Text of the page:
Coming of Blackwolf.
Like many professional artists I spent many hours of my youth drawing for pleasure. Prior to entering high school this activity was considered a hobby. Then came the fateful day that my student guidance counselor asked "the" question, what profession do you want to pursue? My first choice was to be an astronaut, (remember we're talking the 60's here, the space race was running hot and heavy). But alas, a quick glance at my math grades killed that notion. So, I figured if I couldn't fly them, I could always draw them. A commercial art career was the logical and practical career choice. With that goal in mind, I graduated high school and entered the School of Visual Arts enrolling as a illustration major. In reality, my aim was to be a comic book artist.
Comic books provided me with one of the richest sources of inspiration. This occurring in the 60's, coincided with the rise of Marvel Comics and the glory days of Stan Lee, Jack Kirby and the other masters of that time. My old sketch books are full of original characters modeled after those great Marvel Age creations. Then one day, two new influences entered my artistic life. On the paperback book rack in the local newspaper and candy shop was a cover that just leaped at me, a dagger wielding, dark-haired barbarian atop a red cloaked ape. Thus, artist Frank Frazetta and Robert E. Howard's "Conan" gained a new and loyal fan. This truly "dynamic duo" not only provided endless visual and literary enjoyment but also inspiration. The result of that inspiration and others was Joppa of Khad, Blackwolf.
Blackwolf would become my main original character. I drew up a map of his world and slowly developed the character in a series of sketchbook drawings and various spot illustrations. These spot illustrations proved to be pivotal in Blackwolf's development. At my very first comic convention in the summer of 1970, a Phil Seuling event, held at the Statler Hilton (now the Penta Hotel), in New York City, I placed two Blackwolf illustrations (shown at left) in the amateur art contest. To my pleasant surprise, I took second place. So with added confidence I entered by second year of art school that fall. Unbeknownst to me, my artwork had attracted the interest of one of the professional guest judges.
That fall at another convention at the same hotel, a classmate told me Jim Steranko, the judge at art show, was looking for the "artist" of Blackwolf. He had been unable to locate me because he had missed the awarding ceremony. Although skeptical, I presented myself to Steranko and pulled out my Blackwolf illustrations. My skepticism gave way to excitement as Steranko confirmed my classmate's story. But the best was yet to come. Steranko wanted to publish Blackwolf in an anthology he was planning under his Supergraphics Publication banner. Blackwolf would be featured in a book along with Steranko's "Talon" an sword and sorcery character he had in development, and work by a young Howie Chaykin.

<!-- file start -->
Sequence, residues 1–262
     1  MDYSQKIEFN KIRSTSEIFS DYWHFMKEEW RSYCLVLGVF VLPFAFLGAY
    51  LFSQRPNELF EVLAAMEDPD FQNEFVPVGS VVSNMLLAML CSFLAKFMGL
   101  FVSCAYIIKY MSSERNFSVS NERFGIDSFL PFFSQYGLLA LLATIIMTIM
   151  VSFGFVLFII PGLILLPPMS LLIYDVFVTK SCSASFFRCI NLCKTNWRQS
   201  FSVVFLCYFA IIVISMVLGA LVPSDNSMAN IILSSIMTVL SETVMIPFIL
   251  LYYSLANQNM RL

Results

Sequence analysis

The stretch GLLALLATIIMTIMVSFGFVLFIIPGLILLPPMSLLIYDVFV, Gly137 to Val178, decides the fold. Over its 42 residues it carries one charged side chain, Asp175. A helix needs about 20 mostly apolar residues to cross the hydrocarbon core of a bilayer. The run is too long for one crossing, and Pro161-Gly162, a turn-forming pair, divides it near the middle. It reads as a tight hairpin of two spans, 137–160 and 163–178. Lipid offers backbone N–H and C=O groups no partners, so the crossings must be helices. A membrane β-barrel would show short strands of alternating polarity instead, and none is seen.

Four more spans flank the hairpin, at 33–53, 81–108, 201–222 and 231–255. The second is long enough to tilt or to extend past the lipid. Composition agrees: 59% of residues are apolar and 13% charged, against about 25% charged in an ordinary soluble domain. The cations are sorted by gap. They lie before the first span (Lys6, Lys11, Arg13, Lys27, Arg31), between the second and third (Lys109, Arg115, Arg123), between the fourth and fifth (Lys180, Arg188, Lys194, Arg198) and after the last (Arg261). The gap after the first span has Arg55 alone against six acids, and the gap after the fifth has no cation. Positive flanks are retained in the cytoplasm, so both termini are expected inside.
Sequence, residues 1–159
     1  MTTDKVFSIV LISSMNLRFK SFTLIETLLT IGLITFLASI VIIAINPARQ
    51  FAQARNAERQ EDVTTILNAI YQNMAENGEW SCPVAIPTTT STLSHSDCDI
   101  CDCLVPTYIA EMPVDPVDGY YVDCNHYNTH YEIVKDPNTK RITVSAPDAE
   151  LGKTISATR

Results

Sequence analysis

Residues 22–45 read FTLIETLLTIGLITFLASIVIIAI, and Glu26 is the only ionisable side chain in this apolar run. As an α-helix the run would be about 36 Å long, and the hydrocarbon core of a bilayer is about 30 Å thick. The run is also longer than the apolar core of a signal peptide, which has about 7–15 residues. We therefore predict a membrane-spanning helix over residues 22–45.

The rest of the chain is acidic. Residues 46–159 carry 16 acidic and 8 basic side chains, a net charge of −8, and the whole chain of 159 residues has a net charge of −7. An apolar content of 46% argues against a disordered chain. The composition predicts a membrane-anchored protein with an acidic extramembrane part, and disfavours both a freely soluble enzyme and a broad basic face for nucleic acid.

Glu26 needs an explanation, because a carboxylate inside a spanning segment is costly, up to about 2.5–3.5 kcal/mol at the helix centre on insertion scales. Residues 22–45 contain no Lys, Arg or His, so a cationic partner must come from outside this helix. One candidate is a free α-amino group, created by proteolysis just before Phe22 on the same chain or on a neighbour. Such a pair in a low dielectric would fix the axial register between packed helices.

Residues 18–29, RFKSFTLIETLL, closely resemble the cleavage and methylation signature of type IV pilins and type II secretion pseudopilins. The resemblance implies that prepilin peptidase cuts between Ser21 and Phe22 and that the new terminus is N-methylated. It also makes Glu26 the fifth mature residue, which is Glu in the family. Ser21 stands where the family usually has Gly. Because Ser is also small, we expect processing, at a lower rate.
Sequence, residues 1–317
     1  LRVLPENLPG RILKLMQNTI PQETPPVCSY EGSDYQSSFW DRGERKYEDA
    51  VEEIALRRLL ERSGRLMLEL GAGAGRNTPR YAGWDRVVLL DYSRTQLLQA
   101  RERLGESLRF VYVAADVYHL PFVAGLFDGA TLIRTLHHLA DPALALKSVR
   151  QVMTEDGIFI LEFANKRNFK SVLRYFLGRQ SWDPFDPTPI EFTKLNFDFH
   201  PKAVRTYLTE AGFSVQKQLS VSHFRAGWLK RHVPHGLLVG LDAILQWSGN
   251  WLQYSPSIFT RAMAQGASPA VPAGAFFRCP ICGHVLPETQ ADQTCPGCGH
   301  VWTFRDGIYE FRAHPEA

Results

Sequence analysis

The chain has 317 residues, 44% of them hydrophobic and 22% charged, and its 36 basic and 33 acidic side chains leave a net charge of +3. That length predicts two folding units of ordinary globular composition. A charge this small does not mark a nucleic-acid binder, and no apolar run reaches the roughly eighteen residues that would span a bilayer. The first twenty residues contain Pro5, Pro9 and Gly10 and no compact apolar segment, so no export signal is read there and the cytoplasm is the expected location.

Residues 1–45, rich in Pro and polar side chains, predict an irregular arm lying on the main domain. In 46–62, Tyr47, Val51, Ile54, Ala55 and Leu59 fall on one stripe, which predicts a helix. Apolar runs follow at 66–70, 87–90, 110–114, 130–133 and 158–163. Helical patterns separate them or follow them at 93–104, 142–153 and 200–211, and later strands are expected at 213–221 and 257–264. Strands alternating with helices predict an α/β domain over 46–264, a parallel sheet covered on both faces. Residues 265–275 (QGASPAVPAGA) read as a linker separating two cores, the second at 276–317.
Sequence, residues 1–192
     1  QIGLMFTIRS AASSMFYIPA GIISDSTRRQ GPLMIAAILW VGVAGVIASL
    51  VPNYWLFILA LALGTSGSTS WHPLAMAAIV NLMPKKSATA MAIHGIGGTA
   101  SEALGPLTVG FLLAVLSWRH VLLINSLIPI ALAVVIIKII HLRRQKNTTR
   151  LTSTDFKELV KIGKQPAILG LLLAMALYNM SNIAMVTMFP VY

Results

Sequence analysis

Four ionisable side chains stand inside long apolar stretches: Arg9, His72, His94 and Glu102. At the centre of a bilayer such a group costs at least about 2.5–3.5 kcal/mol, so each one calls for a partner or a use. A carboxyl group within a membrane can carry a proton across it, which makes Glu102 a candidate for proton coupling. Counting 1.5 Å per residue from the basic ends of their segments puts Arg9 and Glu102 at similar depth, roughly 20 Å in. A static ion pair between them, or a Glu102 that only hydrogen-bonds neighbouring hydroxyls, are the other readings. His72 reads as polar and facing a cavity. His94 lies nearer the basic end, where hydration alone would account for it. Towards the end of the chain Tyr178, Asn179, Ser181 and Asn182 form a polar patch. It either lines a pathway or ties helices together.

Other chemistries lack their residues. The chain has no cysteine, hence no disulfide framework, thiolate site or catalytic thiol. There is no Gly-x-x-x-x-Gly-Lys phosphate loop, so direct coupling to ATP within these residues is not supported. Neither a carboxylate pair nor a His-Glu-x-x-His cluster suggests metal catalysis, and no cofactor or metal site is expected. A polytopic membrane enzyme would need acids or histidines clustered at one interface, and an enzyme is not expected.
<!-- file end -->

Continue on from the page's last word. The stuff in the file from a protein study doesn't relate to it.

At that time there was no complete Blackwolf story. But that following spring and summer with a co-writing assist from a friend`Charlie Hunt, I completed the pencils for the story "The Black Woods" featuring Joppa of Khad, Blackwolf. I mailed the finished pencils to Jim Steranko on Sept 27, 1971. He loved them and say as much in several postcards. It was hard to contain my excitement. Was this the big break.
Excitement was replaced by disappointment as a year passed and the anthology did not appear any closer to being published. So, with a heavy heart, I asked for the return of my artwork. As a footnote, with the exception of a poster and some promotional illustrations Steranko's "Talon" remains unpublished. As did the anthology.
As for Blackwolf and my comic art ambitions, upon graduation from art school, I made several attempts to submit work to Marvel, but with no good results. So, I placed Blackwolf and other comic projects on the back burner and proceeded with my art career, with some modest success. To date I have done illustrations for educational filmstrips, featuring Greek myths, and Grimm's fairy tales' slide art. In the late 70's, I moved into the animation field, first doing graphic animation and special effects for commercials and TV show openings. In the 80's, I progressed to animated adventure shows. I designed characters and storyboarded for the "Adventures of the Galaxy Rangers". From there I moved to the a staff position with Rankin-Bass, the producers of such shows as the THUNDERCATS, and other syndicated animated series. As series art director I reviewed storyboards, work pictures and final prints. In additior~ I design all the secondary characters for the last 30 shows and wrote two ThunderCats scripts, "ShadowMaster" and "Well of Doubt". I was also art director and storyboard artist for a 30 minute animation special which aired on PBS and is now in video stores called "Merlin and the Dragons". After moving to Los Angeles, I continued to work on various television animation shows (see info page).
During my tenure at Transcom, the producers of The Galaxy Rangers, I developed a renewed interest in comic art and comic books. This interest has lead to my wanting to produce Blackwolf and other projects. I dug out th old drawing and realized they still looked good. Now coupled with almost thirty years of professional art experience and a mature outlook on life in general, I am determined to bring Blackwolf to the public and contribute to the comic art and animation fields which inspired me to pursue an art career in the first place
Dennis J. Woodyard